Departmental Papers (SPP)

Document Type

Presentation

Date of this Version

1-1-2008

Comments

Postprint version. Published in Journal of Policy Practice, Volume 7, Issue 2-3, 2008, pages 178-198.

Abstract

Contrary to popular beliefs and commonly held rhetoric, rights are not naturally given to people/residents/citizens. Very few, if any, rights are inherently granted by virtue of being born a human being. Although the authors of the Bill of Rights (in the USA) as well as the United Nations Declaration of Human Rights want us to believe that these rights are innate, in fact they were fought for and only barely achieved. At any given time, there are counter forces that actively push to minimize and reverse rights that were gained after long and hard struggles. For example, in the United States the “sacred” right for privacy was vastly violated with the signature and support of President George W. Bush soon after the attack of September 11, 2001 was carried out within the boundaries of the country. This is but one example where rights are not guaranteed forever and are only in place so long as there are enough people actively fighting to keep them and, if possible, to expand them.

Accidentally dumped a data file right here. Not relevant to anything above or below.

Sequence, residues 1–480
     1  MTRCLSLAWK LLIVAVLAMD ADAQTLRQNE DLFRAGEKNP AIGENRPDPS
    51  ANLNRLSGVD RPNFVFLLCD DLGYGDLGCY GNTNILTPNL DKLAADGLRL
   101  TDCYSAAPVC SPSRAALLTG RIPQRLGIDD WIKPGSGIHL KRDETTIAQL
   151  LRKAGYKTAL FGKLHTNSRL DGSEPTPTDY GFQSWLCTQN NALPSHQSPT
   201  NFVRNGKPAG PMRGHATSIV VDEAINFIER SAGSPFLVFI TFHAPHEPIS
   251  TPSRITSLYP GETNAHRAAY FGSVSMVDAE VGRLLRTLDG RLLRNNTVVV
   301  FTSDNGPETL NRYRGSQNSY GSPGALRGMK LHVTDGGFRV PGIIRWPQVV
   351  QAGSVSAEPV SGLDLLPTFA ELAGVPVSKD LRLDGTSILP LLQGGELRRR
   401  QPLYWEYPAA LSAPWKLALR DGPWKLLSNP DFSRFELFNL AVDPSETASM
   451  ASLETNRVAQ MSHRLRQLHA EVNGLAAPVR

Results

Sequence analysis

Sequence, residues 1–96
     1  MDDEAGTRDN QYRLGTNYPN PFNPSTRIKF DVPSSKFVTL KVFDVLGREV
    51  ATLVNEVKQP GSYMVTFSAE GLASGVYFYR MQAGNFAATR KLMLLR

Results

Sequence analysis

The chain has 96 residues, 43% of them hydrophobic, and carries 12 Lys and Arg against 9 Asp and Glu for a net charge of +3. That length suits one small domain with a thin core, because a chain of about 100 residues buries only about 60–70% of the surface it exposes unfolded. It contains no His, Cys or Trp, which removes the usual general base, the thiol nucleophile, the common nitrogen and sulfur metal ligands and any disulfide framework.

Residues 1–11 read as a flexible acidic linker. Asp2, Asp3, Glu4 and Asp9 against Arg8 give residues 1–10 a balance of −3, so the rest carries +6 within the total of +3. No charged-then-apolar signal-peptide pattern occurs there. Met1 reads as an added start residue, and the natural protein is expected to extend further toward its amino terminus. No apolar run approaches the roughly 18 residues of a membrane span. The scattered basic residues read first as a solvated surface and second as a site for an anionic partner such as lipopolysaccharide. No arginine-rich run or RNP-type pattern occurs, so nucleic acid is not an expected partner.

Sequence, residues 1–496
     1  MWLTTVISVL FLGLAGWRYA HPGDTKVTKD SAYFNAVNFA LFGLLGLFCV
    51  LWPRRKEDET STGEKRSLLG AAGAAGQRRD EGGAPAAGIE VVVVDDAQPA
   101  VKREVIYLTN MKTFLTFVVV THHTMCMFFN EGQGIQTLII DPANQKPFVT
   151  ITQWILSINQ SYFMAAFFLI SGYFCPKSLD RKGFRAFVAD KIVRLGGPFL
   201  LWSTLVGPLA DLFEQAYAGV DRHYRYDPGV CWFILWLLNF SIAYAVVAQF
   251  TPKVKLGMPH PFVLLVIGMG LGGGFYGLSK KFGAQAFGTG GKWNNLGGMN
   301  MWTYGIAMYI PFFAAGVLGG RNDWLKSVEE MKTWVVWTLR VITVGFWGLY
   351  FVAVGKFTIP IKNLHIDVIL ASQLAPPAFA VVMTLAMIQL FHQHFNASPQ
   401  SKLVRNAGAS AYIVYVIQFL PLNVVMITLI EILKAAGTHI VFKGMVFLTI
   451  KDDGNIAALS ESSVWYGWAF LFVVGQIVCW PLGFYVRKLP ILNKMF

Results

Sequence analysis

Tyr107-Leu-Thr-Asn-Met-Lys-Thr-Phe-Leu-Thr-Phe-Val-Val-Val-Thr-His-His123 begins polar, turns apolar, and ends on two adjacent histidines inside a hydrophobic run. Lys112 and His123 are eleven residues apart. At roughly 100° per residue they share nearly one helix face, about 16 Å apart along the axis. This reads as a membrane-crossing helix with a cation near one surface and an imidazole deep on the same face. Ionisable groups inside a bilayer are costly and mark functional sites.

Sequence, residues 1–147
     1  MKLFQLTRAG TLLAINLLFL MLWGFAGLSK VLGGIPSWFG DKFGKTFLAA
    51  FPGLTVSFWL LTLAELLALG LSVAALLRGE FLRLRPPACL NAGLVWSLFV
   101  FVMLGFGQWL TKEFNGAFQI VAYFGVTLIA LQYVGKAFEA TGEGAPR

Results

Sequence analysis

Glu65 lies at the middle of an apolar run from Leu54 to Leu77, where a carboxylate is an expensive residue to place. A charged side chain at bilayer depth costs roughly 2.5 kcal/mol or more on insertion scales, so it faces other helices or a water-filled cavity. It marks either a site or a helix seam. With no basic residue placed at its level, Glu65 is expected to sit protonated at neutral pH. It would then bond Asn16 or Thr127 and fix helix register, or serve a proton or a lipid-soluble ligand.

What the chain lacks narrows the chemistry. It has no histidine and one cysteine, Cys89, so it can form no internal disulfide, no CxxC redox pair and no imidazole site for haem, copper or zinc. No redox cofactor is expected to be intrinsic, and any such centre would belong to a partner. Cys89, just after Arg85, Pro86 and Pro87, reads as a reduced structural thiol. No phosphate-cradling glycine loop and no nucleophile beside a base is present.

My argument, though my data are mostly US-based, is that the rights of prisoners and ex-prisoners are an excellent measure and estimate for the strength of human rights in a given society. The more punitive and exclusionary are the policies towards prisoners and ex-prisoners, the less protected are the rights of citizens in general. The more a society excludes prisoners and ex-prisoners, the more ready it is to limit the rights of other members of that society. I would welcome a comparative study of this topic to assess which societies treat prisoners and ex-prisoners more humanly and which in a more exclusionary manner.

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Date Posted: 26 November 2008